Despite not having received much targeted feedback on my research, this format really helped me to place my work within a wider context and to think practically about how it affected the topic at hand. This actually enabled the group to engage with some of my research themes, including the importance of ‘in-between’ spaces and active learning, more meaningfully. I therefore believe this style of conference format has promising potential in other settings, including the Centre.

A note on my submission

My submission began setting the context around Imperial College’s shift toward greater active pedagogy, open-ended curricula and self-directed student workload, given it is the institution I am researching. Whilst these changes are educationally warranted, my claim was that the need for the learner to transition between directed and self-directed forms, and between these more passive and active spaces was a demand that has been overlooked. My reclaim was both a methodology to build an evidence base for better understanding transitional space, and then a suggestion for how careful architectural and timetable intervention can better support and enable transition to both nurture and better understand active styles of learning. The group provided some useful feedback on my submission, including that some had considered ‘in-between’ space as strictly in-between and immeasurable. Others were fond of the idea of modifying physical space and the timetable in order to encourage more serendipitous interaction between students and other members of the learning community in the gaps between timetabled sessions.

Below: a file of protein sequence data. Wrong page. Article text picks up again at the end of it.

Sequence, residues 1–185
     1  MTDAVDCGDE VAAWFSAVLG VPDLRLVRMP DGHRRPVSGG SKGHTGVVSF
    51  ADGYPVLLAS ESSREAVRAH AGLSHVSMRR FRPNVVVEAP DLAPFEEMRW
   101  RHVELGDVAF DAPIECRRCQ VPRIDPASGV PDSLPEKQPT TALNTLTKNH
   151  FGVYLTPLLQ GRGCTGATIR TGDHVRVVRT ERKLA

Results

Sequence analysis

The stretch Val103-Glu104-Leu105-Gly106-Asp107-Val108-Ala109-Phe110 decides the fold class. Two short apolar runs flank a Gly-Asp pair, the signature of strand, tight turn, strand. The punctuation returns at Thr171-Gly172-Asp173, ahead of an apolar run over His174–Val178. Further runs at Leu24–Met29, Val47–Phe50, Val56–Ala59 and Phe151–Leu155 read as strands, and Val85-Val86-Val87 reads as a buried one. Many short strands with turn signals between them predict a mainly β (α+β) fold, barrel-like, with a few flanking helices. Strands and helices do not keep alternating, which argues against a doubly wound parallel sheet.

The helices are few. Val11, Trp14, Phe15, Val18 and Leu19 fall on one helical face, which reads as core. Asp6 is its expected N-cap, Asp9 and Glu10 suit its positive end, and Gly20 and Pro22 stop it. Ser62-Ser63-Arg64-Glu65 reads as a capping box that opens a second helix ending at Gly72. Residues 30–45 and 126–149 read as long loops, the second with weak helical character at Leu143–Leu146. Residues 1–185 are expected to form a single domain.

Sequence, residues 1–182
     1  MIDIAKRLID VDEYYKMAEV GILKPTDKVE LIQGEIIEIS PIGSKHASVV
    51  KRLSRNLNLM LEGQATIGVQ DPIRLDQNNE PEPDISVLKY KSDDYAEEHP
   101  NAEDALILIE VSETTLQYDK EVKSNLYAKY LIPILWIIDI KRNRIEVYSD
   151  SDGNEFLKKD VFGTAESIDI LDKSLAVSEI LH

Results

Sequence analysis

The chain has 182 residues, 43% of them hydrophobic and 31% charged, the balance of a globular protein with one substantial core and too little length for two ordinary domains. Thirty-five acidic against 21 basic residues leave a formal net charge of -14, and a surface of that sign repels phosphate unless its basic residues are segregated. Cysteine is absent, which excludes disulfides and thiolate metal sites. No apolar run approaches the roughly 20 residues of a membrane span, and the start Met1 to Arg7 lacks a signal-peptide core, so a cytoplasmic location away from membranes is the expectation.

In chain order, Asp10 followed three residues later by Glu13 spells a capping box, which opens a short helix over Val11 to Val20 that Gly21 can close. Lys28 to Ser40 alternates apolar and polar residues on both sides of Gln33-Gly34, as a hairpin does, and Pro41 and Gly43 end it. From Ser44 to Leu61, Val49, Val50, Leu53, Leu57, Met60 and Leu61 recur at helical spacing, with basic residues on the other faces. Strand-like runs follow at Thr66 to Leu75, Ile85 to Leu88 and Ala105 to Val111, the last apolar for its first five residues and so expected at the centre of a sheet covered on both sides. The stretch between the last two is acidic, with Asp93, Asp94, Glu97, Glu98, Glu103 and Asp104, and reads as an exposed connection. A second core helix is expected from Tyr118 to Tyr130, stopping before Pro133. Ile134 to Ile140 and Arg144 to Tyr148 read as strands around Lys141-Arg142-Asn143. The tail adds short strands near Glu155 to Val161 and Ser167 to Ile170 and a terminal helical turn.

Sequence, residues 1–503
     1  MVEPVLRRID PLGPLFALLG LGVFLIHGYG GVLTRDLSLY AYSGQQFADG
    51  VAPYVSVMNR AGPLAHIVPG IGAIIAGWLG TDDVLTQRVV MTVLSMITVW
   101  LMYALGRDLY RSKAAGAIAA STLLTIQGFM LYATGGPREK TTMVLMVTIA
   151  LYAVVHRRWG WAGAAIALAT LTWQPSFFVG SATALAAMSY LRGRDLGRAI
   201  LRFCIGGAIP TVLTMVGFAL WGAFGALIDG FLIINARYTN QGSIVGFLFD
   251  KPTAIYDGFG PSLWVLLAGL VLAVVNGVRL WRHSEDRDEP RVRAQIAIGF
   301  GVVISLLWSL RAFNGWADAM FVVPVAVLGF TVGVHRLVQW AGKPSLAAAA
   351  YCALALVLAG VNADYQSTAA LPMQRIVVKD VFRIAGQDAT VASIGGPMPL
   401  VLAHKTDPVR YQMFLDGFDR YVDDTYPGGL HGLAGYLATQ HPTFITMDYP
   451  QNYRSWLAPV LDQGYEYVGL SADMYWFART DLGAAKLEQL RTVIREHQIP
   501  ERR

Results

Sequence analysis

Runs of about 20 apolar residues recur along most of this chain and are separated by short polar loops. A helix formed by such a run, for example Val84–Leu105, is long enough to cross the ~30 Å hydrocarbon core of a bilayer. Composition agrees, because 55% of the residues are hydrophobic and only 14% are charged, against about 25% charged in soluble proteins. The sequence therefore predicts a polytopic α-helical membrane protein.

Reclaiming and claiming

Following the silent study sessions, the group reconvened to begin discussing the most important themes. Differences in opinions and perspectives made this phase more difficult than simply reading each other’s work, as we were now required to sacrifice certain views we held as sacrosanct in order to arrive at a group consensus. Each member wrote five post-it notes representing what they felt to be the most important themes arising from their reading and these were placed on a board (see photograph).

The group then spent some time grouping common themes and had further discussion about what seemed to be the most prominent of those themes. The following claims on study practices proved to be the most important in our group: